Perk City: A small business emerges from darkness

Nick Della VolpeFood, Inside 640

Perk City, the coffee shop on Magnolia Avenue, has re-opened after being shuttered by the pandemic. Owner Sherene Jacobs, of nearby Park City, had resumed serving to-go coffee curbside for the past few weeks, but plans to open up interior seating for her customers on Monday (6/1).


This small business tells a tale of courage and tenacity, and good old-fashioned neighborhood spirit. Sherene started it by buying and restoring a derelict tavern building located on the corner of Magnolia and North Beaman Street, next to Chilhowee Park. Lots of sweat equity went into its Fall 2019 opening – some two years’ worth. Earlier story here.

Its menu of coffees and home-baked goodies expanded into sandwiches, soups and other lunch offerings by year’s end. Regulars would stop by for their morning or evening jolt, or a quick mid-day meal, also to take advantage of its casual meeting atmosphere. It’s a hometown operation.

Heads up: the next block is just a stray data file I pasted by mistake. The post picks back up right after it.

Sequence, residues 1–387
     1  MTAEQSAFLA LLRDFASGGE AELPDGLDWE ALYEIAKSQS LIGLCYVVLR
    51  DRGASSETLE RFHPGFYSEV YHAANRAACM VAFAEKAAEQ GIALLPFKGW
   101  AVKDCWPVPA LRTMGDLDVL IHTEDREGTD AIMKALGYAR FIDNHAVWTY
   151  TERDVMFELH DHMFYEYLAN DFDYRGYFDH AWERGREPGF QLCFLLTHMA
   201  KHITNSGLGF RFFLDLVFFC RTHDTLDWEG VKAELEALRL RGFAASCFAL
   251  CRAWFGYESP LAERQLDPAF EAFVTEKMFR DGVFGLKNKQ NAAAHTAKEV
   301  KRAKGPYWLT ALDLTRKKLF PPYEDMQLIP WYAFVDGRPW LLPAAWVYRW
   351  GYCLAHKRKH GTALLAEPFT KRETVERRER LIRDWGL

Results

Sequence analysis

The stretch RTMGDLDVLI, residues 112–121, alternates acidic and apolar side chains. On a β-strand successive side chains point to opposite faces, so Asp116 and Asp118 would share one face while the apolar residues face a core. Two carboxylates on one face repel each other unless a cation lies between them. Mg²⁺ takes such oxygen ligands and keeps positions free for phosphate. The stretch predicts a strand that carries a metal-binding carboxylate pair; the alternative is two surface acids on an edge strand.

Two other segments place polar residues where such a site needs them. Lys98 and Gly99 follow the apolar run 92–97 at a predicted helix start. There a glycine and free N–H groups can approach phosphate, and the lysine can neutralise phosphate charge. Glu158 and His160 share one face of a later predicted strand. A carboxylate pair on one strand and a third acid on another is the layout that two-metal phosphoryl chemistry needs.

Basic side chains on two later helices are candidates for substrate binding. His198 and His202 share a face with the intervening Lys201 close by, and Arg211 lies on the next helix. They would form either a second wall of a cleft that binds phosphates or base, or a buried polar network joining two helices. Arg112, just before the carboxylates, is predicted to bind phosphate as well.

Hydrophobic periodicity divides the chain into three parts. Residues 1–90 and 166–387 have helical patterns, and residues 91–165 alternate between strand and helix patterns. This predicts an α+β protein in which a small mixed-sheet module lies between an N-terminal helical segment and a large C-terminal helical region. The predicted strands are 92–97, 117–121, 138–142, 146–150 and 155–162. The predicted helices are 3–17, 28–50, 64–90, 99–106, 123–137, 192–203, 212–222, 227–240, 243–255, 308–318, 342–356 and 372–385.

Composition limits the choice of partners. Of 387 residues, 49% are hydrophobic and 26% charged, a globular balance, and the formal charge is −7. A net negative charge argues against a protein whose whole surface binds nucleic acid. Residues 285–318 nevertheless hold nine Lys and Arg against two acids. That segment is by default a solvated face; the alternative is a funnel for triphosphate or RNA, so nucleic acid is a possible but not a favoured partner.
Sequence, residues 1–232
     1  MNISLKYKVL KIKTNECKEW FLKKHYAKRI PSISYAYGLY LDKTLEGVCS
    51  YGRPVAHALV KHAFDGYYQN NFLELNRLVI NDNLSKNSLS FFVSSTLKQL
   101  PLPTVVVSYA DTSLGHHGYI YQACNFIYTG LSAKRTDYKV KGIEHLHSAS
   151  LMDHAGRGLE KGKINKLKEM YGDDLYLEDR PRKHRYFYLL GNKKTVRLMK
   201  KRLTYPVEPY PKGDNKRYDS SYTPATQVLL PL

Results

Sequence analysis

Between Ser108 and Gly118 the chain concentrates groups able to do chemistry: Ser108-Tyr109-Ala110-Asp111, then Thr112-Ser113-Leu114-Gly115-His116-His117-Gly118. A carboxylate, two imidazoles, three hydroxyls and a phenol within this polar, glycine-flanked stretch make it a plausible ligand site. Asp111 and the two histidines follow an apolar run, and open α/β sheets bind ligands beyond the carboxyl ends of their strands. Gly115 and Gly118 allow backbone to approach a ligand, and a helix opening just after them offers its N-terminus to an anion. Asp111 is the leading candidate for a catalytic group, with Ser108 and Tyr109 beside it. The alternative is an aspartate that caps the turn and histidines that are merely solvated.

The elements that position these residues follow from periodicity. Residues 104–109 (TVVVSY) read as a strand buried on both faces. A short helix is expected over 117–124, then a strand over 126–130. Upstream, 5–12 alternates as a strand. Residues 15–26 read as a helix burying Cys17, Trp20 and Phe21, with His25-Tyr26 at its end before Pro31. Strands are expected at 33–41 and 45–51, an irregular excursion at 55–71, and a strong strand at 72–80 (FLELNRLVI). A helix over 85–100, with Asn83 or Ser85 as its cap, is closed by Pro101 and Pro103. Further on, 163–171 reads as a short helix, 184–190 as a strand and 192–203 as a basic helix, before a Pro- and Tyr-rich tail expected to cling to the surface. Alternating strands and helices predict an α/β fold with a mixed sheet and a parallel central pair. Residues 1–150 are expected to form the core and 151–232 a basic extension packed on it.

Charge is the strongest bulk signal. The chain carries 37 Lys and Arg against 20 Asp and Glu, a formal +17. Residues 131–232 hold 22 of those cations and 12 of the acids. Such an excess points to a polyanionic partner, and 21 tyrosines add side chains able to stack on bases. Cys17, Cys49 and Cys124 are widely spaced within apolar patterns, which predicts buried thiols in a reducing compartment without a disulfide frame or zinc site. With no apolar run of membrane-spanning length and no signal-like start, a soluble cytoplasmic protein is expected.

Then the COVID virus hit. Closing the doors, with no cash flowing in, is particularly hard for small businesses, let alone one this new. Property costs, loans and utilities continue – they are no respecter of government edicts, startup budgets, or the life of the Wuhan virus.

Meantime, Sherene has been striving to protect her customers as area businesses reopen. She held back, saying she did not want anyone to get sick by premature operations. The shutdown gave her a chance to do some additional interior work on the premises, but mostly, it caused this high-energy lady to work on other tasks – like sewing and donating cloth masks for healthcare workers and customers who lacked one. No charge. She is that kind of gal.

Sometimes neighbors notice. One fellow recently stopped outside her coffee house while riding his bicycle. When Sherene stepped outside to get his order – turns out he had none, at least for now. He said had been meaning to stop before but had been busy. He thanked Sherene for pioneering a business in his neighborhood. Then he handed her a twenty to put toward its survival and continuance. He’d said he will be back.

Fellow Knoxvillians, we need to patronize all our small businesses as they reopen. Our patronage is the key to their survival. And, in a real way, ours.

Nick Della Volpe is a lawyer, a gardener and a former member of Knoxville City Council.

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